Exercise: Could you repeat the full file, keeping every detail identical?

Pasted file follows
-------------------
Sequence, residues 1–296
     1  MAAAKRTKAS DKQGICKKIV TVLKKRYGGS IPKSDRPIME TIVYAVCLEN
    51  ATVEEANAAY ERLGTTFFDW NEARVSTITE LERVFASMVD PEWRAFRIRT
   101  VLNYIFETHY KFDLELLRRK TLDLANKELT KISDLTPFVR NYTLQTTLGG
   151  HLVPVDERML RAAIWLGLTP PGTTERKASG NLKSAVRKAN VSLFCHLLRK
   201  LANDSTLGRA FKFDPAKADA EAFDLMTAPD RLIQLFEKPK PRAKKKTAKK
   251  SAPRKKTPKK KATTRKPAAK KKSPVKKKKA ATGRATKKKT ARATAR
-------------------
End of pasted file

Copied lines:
Sequence, residues 1–296
     1  MAAAKRTKAS DKQGICKKIV TVLKKRYGGS IPKSDRPIME TIVYAVCLEN
    51  ATVEEANAAY ERLGTTFFDW NEARVSTITE LERVFASMVD PEWRAFRIRT
   101  VLNYIFETHY KFDLELLRRK TLDLANKELT KISDLTPFVR NYTLQTTLGG
   151  HLVPVDERML RAAIWLGLTP PGTTERKASG NLKSAVRKAN VSLFCHLLRK
   201  LANDSTLGRA FKFDPAKADA EAFDLMTAPD RLIQLFEKPK PRAKKKTAKK
   251  SAPRKKTPKK KATTRKPAAK KKSPVKKKKA ATGRATKKKT ARATAR